(CNSNews.com) – The 118-member Non-Aligned Movement has endorsed Iran’s right to nuclear energy. Tehran said the move signals the failure of U.S. efforts to isolate it.
The support from the United Nations’s biggest bloc came just days before a deadline set by major powers for Iran to accept a deal aimed at resolving the nuclear standoff.
In a statement at the end of a foreign ministers’ meeting in Tehran Wednesday, NAM also echoed Iran’s position that the International Atomic Energy Agency (IAEA) is the only entity that should have jurisdiction over the issue.
President Mahmoud Ahmadinejad’s government wants to get the nuclear dossier out of the U.N. Security Council, where three rounds of sanctions already have been imposed over its refusal to suspend uranium enrichment. Iran has enjoyed somewhat more sympathy at the Vienna-based IAEA, where 16 of the 35 members of the board of governors are NAM nations.
Ali Asghar Soltaniyeh, Iran’s envoy to the IAEA, told the country’s Press TV that the NAM foreign ministers’ statement sent “a strong signal to those who are talking of Iran's isolation.”
Soltaniyeh said important elements contained in the statement included “the inalienable right of all countries” to pursue nuclear energy, without discrimination, and that fact that “the IAEA is considered as the only pertinent technical organization to deal with this issue.”
The U.S. and its European allies suspect that Iran’s nuclear energy program – which it hid from the world for almost two decades before it was exposed by regime opponents in 2002 – is cover for a drive to develop atomic bombs. Iran says it is for purely peaceful purposes.
The five permanent members of the U.N. Security Council plus Germany have given Iran until Saturday to respond to an offer of an incentive package in return for freezing its nuclear activities.
But Iran’s supreme leader, Ayatollah Ali Khamenei, struck a defiant tone Wednesday, saying his country would not back down in the face of the demands.
The NAM statement also said that any attack on Iran’s nuclear facilities would violate the U.N. Charter and international law.
NAM, a grouping of developing countries mostly in Africa, Asia and Latin America, accounts for more than 60 percent of the U.N.’s member states.
Although ostensibly not aligned with or against any major power bloc, it has frequently lined up against the West, with the anti-U.S. Cuban, Venezuelan and Iranian governments taking increasingly prominent roles in recent years.
Other issues covered in the ministers’ statement included demands for Israel to stop what it called acts of “genocide” against Palestinians, and expressions of concern over NATO expansion and U.S. policies towards the Venezuelan President Hugo Chavez, according to Iranian reports.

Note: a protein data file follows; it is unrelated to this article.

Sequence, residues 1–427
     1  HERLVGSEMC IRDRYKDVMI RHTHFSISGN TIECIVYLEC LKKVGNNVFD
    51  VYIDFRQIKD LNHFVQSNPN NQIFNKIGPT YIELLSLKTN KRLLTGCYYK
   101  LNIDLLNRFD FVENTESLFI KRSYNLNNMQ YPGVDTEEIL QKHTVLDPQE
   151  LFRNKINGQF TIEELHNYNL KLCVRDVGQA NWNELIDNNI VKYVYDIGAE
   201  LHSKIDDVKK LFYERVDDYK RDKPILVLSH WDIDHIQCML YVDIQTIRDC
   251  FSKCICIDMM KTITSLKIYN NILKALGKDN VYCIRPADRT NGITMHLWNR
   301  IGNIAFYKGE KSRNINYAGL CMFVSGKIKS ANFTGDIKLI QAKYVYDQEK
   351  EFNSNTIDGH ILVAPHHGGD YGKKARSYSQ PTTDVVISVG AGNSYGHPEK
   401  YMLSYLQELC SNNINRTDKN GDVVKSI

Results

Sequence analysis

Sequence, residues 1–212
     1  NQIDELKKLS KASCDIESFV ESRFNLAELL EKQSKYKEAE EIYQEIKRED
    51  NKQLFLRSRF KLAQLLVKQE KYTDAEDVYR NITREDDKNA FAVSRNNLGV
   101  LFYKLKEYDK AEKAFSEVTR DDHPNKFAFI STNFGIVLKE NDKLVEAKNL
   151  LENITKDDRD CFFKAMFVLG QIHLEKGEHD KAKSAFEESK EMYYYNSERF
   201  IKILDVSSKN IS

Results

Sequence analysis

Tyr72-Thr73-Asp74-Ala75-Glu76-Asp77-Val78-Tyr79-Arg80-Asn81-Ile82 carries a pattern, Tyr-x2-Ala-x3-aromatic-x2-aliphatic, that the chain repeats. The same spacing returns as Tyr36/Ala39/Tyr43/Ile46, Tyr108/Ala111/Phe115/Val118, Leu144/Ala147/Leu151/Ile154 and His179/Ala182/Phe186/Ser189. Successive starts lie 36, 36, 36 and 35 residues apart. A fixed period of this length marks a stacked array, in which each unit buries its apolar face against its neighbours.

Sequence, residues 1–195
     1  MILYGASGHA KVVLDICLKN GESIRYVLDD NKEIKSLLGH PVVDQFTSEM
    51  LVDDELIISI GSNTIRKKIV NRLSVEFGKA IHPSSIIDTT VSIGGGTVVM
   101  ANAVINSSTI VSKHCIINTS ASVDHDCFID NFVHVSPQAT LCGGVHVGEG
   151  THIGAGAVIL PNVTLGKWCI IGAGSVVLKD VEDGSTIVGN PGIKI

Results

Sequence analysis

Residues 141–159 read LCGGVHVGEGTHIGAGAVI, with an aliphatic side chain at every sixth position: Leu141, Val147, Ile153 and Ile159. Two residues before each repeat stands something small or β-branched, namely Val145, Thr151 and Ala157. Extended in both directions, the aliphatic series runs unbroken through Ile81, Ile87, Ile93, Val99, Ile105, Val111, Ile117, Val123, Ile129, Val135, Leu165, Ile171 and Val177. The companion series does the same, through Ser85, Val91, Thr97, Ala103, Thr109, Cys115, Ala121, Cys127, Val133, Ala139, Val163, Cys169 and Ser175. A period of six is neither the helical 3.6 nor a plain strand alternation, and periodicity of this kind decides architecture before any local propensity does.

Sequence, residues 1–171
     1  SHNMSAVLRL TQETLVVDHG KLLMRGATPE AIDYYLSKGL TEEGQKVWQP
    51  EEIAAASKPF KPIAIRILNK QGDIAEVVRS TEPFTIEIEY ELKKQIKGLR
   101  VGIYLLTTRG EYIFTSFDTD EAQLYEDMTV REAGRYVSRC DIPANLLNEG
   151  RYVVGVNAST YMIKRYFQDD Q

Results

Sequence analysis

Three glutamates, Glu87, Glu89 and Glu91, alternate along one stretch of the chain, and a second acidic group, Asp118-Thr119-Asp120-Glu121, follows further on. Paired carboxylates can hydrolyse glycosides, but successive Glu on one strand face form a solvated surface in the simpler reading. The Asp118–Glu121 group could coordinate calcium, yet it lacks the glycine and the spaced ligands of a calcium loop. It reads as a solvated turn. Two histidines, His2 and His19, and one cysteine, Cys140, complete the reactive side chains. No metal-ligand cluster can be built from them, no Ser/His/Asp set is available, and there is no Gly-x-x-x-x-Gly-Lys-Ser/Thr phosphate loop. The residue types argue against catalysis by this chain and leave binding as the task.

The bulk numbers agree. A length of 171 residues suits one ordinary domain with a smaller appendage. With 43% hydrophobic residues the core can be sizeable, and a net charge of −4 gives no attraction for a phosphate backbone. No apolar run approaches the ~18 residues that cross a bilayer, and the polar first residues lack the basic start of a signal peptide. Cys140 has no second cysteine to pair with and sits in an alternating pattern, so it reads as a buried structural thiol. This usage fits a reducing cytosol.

India’s ‘delusional obsession’
Among the ministers taking part in the NAM meeting was Indian Foreign Minister Pranab Mukherjee, whose government is hoping to finalize a major civilian nuclear cooperation agreement with the U.S. before the end of the Bush administration.
The U.S. Congress will have to ratify the deal, and some lawmakers have argued that India should be more supportive of the U.S. on the Iran question if it wishes the nuclear cooperation agreement to go ahead.
Although New Delhi has twice sided against Iran in IAEA votes to refer Tehran to the Security Council, it has also bristled over U.S. objections to a planned deal for a natural gas pipeline between Iran and India.
India has been a major player in NAM from the outset, one of its founders in the post-colonial era along with Indonesia, Yugoslavia, Egypt and Ghana. (The term “non-alignment” was first coined in a 1954 speech by Indian Prime Minister Jawaharlal Nehru.)
Some critics think that should change, however.
International relations and strategic affairs analyst Dr. Subhash Kapila of the India-based South Asia Analysis Group said Thursday he had long argued that non-alignment was a “delusional obsession” with no strategic or political gain for India.
“I strongly feel that India as a founding member of NAM should wind up this anachronistic organization or if that is not possible it should withdraw from it,” Kapila said.
He doubted this would happen, however, noting that India’s diplomatic community and the ruling Congress party had their fair share of “NAM gladiators.”
“Today when India is aspiring for global power status it does not behoove India to be in questionable company and drawing avoidable flak from those who could propel India to a world power status,” he said.
In 2005, the U.S. government signaled a plan to help India become “a major world power” in the 21st century, with the nuclear cooperation a key element in that strategy.